I hate vigilante justice with a passion but there are rare times when there are simply no alternatives. This McElroy guy was one. I am afraid Jim Brownback may be one as well. Hopefully his brother can either have a come-to-Jesus talk with the guy (that never works) or throw him under the bus and drop the hammer of the law on the guy. However, Sam Brownback’s record of judgment-making shouldn’t leave anyone hopeful that this could end in any other way save for bloodshed.

  84. 84
    apocalipstick says:

    @Brachiator: There was no California energy crisis. There was Enron bending the state over the desk before the bankruptcy blow-out, but no real crisis.

    The Davis/Schwarzenegger debacle was a great example of how right-wingers get to have it all.

  85. 85
    Brachiator says:

    @apocalipstick:

    There was no California energy crisis. There was Enron bending the state over the desk before the bankruptcy blow-out, but no real crisis.

    You mean there were no blackouts and brownouts and crazy fluctuations in power rates?

    Yeah, there were market manipulations, but Davis acted as though he could do something about it, but then fumbled the ball and looked like an incompetent fool.

    The Davis/Schwarzenegger debacle was a great example of how right-wingers get to have it all.

    A lot of Republicans who got their butts spanked in elections, including Meg Whitman, would disagree with you.

  86. 86
    Death Panel Truck says:

    @TriassicSands:

    while the conservative east is characterized by the stingy takers — who pay less than they get, but want to cut taxes even more.

    Tell me about it. I live in Pasco. Liberals like my wife and me are endangered species here.

  87. 87

    @CONGRATULATIONS!: And Davis did crap about it. Made him look weak. Stupid Democratic politicians.

  88. 88

    @apocalipstick: No real crisis? GTFOH!!! I was on vacation in California then. I remember the rolling blackouts. It was nuts and bizarre.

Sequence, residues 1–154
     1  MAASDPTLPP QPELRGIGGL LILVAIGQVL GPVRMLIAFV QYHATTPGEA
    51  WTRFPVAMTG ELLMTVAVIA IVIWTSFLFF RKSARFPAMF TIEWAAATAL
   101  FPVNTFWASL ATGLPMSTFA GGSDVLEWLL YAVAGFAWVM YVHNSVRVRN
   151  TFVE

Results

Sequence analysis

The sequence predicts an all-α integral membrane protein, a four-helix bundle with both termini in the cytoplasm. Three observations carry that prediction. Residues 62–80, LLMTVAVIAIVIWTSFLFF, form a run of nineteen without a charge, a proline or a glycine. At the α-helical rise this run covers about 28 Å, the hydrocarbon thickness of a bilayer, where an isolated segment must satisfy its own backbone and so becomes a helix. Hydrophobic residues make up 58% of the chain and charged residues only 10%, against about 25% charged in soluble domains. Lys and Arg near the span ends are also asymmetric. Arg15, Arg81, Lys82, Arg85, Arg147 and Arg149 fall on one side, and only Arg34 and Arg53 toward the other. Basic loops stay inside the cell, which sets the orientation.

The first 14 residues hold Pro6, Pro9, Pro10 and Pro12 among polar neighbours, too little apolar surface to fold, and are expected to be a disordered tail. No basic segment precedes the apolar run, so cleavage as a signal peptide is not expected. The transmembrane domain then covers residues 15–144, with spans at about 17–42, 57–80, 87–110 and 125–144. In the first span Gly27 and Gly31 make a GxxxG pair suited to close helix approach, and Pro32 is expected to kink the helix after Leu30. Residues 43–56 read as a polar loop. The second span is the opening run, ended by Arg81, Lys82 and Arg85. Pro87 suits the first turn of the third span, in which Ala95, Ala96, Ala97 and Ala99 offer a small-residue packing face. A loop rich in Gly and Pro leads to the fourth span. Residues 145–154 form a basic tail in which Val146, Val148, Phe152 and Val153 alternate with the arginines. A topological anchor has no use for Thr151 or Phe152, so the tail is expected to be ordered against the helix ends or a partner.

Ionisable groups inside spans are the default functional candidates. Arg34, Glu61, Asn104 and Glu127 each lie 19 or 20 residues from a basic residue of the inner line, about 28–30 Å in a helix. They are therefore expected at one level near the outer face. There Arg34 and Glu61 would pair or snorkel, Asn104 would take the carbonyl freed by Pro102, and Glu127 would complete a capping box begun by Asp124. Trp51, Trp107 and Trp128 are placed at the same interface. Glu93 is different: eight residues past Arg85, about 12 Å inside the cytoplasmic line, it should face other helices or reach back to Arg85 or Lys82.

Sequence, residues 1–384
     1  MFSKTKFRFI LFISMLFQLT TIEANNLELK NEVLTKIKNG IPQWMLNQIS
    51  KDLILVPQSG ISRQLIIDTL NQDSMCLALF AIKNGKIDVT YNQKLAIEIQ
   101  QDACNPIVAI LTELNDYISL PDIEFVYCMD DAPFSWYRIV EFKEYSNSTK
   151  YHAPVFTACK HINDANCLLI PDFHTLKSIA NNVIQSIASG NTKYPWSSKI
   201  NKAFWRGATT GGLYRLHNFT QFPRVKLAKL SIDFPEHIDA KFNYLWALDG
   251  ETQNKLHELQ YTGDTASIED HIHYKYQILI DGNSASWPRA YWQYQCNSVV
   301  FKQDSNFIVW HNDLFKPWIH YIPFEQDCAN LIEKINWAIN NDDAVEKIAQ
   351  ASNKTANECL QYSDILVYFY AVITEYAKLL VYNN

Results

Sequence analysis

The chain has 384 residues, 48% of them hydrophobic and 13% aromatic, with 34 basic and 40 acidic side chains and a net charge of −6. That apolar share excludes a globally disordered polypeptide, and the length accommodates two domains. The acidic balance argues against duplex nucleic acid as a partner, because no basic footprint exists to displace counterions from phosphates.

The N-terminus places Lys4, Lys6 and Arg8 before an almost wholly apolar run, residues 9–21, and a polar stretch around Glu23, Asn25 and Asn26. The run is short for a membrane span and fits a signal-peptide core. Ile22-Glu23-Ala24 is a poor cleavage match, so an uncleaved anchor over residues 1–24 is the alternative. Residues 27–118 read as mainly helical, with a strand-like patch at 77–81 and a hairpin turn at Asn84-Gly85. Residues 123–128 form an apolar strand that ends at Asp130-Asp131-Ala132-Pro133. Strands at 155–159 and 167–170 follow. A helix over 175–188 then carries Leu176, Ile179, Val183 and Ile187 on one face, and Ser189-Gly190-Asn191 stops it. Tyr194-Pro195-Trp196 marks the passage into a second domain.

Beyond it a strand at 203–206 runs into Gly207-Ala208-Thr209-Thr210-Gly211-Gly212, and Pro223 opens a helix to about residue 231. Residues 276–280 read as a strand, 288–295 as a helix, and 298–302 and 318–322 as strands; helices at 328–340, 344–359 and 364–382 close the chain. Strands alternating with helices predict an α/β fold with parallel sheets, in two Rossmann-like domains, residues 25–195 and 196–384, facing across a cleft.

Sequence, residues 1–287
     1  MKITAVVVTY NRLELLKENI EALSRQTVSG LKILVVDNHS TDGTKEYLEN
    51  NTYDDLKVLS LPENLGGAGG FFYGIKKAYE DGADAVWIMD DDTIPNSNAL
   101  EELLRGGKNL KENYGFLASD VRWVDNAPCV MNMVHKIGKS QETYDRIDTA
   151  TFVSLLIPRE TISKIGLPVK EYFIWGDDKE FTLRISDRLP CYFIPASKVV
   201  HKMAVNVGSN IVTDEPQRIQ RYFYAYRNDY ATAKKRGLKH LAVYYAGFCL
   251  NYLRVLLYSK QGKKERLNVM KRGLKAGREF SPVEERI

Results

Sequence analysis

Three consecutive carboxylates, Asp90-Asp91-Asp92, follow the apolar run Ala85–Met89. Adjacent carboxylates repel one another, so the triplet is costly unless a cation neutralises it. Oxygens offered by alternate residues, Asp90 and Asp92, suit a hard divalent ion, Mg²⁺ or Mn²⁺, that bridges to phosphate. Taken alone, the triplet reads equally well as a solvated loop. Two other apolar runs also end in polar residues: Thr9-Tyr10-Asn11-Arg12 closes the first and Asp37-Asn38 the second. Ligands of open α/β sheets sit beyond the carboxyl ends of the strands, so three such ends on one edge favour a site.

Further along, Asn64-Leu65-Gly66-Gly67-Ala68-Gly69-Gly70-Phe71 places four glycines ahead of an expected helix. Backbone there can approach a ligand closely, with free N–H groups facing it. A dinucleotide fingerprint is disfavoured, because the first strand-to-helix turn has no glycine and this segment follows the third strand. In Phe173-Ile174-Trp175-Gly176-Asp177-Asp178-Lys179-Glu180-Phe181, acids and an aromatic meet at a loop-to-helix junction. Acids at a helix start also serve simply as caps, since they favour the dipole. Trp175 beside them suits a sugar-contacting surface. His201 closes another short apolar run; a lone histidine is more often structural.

89. 89
    Elizabelle says:

    @CONGRATULATIONS!: Yeah, the law beating feet out of town was most interesting.

    I guess most small towns with resident psychopath may not have such a talented criminal lawyer as the gent who kept wresting Mr. McElroy on his hapless neighbors. Attorney was still sharp at age 87, when stories were written in 2010.

    From author website: [at least] four of McElroy’s ten children were adopted out. Better lives for them.

  90. 90
    TriassicSands says:

    @Death Panel Truck:

    My condolences.

    At least you get to have Democratic senators and a Democratic governor. Imagine if you lived in Austin, TX, where Democrats outnumber Republicans, but the GOP has gerrymandered districts so that the majority of Austin area representatives are Republicans.

  91. 91
    A in Ca says:

    @Brachiator:” But it was also Davis’ abyssal handling of the California energy crisis.”
    Yes, so we Californians voted in Schwarzenegger, whose real unheralded achievement is not to have complained to the Federal Energy Commission and was sure NOT to sue any of the energy companies (Enron) for anything ever. That’s why Schwarzenegger was so popular with the Enrons of the world.
    The ‘car tax’ thing was that the California legislature, at a time of surplus, decided to temporarily reduce the car licensing/registration fees – as long as the state budget is in surplus -, with a provision that previous rates will be automatically reinstated when the state budget has a deficit. That occurred under Gov. Davis (no action required by him). This ‘car tax’ was also progressive, depending on the blue-book price of the car, so for my old clunker even the old rates were low. When I bought a new(er) car, I found that I could deduct the increased fee as an itemized deduction from my federal income.

  92. 92